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Effect date of bylaws

Guest Celestine

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From a parliamentary standpoint, perhaps.  I'm not aware of a specific prohibition, but it would be unusual.  You might have legal problems and general unrest from the membership if you try to impose something retroactively.  Perhaps even revolt. :o

Edited to add:  Keep checking back.  Someone might know abot a parliamentary prohibition that I'm not aware of.

A one time assessment might be another way to solve the problem.  Then make the dues increase  effective with the next membership year.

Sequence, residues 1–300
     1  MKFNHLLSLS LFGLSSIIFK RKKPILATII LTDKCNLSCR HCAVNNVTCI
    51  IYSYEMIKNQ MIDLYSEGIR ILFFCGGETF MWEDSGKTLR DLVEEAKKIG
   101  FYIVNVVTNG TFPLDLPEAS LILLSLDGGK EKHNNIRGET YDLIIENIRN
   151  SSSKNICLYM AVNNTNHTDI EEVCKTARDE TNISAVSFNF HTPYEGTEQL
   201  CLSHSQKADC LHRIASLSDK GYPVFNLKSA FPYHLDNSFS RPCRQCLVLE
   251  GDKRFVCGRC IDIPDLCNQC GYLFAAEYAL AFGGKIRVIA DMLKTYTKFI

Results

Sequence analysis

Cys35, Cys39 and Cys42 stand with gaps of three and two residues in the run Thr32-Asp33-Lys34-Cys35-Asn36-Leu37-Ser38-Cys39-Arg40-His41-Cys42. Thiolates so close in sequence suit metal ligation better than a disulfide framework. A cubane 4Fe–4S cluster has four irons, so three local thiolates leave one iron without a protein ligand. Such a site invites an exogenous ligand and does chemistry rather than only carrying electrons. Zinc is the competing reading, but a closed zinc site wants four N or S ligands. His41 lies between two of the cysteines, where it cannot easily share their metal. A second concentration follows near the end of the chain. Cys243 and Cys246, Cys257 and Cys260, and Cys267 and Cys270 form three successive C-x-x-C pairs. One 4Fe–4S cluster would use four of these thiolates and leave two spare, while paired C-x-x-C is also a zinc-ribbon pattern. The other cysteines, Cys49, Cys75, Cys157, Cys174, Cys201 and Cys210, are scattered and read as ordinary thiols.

Edited by Richard Brown
Added the last two paragraphs
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5 hours ago, Guest Celestine said:

Can the assembly make the effect date of bylaws retroactive

imposing an increase in dues?

In general, yes, retroactive motions are allowed.

Such a motion is done all the time to correct errors which took away credits or seniority from members due to a bookkeeping errors or clerical errors which were not the fault of the poor victimized member.


Funny, we just had a thread like this.

An organization pondered,

• "What would happen if we set dues annually, by motion, and we 'forget' to adopt a motion for the new year, and it is already past January 1st?"

In my hypothetical example, when the board meets in Februrary, the board will likely adopt a motion worded similarly to this:

• "As of January 1, 2017, dues shall be fixed at $N.NN."



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